As we illustrate in Chapter Seven, transplant counts continue to rise. This year we show an increase in the number of transplants from deceased donors, but a slight decline in the number from living donors. Waiting times continue to grow, due to the continued shortage of donated kidneys. Patterns of immunosuppressive drug use show marked changes, with MMF and tacrolimus now the most common combination. And death with a functioning graft is an area of concern, with cardiovascular disease accounting for 38 percent of these deaths once unknown cause of death is removed. This year we have added new data on pediatric transplant patients, including information on listings, wait times, common immunosuppressive medications, and causes of graft failure.

Striking in the data on pediatric patients is the lack of progress in their survival. As shown in Chapter Eight, there has been no change in mortality among young dialysis or transplant patients. Both incident and prevalent rates in the adult population, in contrast, have fallen. The chapter includes analyses of anemia treatment similar to those in Chapter Five, addressing the likelihood of exceeding hemoglobin levels of 12 g/dl and of falling below 10 g/dl.

In Chapter Nine, each Special Studies Center addresses aspects of care related to its target areas. The Cardiovascular Special Studies Center presents data on the use of diagnostic tests and interventions, while the Rehabilitation/Quality of Life and Nutrition Special Studies Centers present preliminary data on the Comprehensive Dialysis Study (CDS) of incident dialysis patients, describing the CDS sampling method and showing degrees of disability and physical function along with basic nutritional parameters.

Over the past twenty years the landscape of dialysis providers has altered dramatically, with the consolidation of smaller providers into large dialysis chains. In 2005 and 2006 it changed even further, with the acquisition of Renal Care Group by Fresenius Medical Care, and the purchase of Gambro Healthcare by DaVita. These transitions create new challenges for the USRDS in assessing care. In Chapter Ten this year we provide data on the duration of unit ownership among both the consolidated and remaining providers. Since anemia treatment has received considerable attention during these past two years, we present provider-level data on hemoglobin levels above 12 g/dl and under 10 g/dl. We also address iron dosing practices and transfusion use, and assess provider-specific billing for additional tests beyond those reimbursed in the composite rate, including calcium/phosphorus and complete blood counts. Mortality and hospitalization comparisons have been presented in the ADR for many years, but this year we provide a new perspective with data on regional comparisons of large and small dialysis organizations as well as those that are hospital-based.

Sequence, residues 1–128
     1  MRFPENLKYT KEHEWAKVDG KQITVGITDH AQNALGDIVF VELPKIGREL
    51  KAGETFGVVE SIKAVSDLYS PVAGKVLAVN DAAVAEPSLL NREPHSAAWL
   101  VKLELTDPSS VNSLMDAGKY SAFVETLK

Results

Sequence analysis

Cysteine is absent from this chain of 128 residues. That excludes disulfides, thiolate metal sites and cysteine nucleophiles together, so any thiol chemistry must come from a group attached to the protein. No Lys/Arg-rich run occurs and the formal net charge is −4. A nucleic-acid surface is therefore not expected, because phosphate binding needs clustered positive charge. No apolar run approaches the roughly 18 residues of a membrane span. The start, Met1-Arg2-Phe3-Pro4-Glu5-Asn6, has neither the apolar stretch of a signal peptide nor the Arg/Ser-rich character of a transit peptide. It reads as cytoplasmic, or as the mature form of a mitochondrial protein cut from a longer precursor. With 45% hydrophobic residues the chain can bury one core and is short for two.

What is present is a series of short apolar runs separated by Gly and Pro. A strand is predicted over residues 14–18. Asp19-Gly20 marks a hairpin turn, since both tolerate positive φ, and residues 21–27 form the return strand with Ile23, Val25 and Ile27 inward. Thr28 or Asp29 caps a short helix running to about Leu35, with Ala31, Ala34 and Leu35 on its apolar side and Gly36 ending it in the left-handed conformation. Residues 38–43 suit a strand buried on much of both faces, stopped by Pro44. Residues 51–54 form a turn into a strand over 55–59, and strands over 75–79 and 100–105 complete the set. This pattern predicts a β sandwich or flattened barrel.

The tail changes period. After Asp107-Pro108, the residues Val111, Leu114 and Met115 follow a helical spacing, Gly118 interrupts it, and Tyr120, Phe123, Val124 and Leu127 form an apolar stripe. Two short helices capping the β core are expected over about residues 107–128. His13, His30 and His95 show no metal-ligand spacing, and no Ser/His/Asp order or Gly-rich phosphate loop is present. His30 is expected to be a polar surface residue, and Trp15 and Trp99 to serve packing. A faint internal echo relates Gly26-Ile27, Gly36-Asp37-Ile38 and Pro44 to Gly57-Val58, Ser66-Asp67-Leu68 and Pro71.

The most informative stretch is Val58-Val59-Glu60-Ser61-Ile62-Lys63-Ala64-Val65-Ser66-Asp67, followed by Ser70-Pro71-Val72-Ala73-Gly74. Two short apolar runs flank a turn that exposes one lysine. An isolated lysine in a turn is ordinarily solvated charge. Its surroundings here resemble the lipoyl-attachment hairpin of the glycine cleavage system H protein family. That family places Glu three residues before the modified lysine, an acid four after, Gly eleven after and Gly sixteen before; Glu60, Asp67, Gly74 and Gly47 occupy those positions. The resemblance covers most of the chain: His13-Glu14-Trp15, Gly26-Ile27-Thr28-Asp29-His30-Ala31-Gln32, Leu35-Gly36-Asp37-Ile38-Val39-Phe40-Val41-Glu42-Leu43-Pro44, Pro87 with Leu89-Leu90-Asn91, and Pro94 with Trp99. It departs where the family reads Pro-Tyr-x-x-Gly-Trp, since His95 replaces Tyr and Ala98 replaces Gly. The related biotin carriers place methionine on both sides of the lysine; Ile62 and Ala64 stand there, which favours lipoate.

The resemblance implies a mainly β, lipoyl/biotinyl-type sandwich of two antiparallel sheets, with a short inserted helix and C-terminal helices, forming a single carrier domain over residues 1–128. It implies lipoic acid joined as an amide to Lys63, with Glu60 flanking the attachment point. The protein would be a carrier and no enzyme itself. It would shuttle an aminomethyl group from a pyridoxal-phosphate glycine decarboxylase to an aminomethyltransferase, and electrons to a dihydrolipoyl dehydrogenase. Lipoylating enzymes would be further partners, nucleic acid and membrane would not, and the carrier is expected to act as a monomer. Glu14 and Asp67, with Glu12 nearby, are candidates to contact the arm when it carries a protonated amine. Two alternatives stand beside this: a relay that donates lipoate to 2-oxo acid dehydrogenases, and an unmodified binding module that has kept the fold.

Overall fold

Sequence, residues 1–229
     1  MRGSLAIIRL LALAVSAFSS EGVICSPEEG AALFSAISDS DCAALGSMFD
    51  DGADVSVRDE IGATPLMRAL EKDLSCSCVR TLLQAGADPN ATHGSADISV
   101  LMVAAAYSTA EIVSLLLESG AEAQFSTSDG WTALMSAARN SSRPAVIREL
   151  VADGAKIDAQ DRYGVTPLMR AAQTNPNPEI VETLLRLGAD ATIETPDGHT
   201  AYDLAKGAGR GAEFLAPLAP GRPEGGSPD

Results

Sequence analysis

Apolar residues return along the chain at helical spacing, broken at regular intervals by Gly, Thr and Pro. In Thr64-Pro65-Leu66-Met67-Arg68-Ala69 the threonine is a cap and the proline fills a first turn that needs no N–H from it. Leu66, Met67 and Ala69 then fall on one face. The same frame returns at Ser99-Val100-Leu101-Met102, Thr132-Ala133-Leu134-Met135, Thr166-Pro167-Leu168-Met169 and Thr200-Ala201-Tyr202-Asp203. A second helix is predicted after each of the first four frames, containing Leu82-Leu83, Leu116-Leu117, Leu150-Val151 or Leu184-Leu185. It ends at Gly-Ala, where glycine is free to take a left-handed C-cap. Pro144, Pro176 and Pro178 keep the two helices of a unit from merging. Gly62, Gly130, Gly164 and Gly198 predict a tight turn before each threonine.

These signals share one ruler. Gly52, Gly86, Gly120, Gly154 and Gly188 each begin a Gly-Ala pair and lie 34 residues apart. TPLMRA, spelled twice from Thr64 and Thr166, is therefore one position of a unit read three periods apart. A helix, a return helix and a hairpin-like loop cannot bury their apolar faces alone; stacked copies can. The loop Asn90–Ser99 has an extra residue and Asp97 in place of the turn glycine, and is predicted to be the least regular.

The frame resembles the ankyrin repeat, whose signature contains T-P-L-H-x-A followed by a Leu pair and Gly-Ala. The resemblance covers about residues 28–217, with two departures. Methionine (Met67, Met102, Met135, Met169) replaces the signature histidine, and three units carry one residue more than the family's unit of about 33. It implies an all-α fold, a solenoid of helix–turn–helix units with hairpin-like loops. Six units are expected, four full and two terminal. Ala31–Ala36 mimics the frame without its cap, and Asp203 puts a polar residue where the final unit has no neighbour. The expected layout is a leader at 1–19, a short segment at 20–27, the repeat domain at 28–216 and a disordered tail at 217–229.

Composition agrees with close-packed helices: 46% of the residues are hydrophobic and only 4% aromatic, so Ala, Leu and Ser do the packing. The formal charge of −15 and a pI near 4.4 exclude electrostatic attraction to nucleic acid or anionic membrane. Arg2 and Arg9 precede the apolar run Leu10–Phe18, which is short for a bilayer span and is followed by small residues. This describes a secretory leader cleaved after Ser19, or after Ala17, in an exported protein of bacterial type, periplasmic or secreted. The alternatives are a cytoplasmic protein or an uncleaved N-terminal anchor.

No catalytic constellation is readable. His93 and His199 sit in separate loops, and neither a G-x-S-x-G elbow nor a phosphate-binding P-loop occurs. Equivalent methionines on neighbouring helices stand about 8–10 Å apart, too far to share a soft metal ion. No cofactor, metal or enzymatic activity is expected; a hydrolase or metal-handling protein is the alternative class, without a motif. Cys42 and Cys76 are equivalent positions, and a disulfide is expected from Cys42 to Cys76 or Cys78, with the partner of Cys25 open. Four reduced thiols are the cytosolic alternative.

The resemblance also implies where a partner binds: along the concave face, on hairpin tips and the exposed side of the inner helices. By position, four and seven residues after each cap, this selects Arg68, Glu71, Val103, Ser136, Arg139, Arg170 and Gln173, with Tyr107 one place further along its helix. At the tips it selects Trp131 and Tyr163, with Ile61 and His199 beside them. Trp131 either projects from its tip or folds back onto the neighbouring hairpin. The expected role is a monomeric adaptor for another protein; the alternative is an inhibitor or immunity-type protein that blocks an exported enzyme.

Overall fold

Chapter Eleven, on expenditures related to ESRD, begins with data on the overall costs of both the Medicare ESRD and employer group health plan (Medstat) programs, along with the costs in both programs of ESA treatment. We again present information on costs during the transition from CKD to ESRD in the Medicare and EGHP populations, and illustrate expenditures for clinical services, injectables, preventive care, and vascular access by the various dialysis provider groups. The chapter concludes with data on Medicare Advantage patients. For 2006, it appears that predictions using the hierarchical payment method are generally closer to the actual payments, improving the ratio of predicted to actual costs and allowing health plans to incur less risk from adverse patient selection.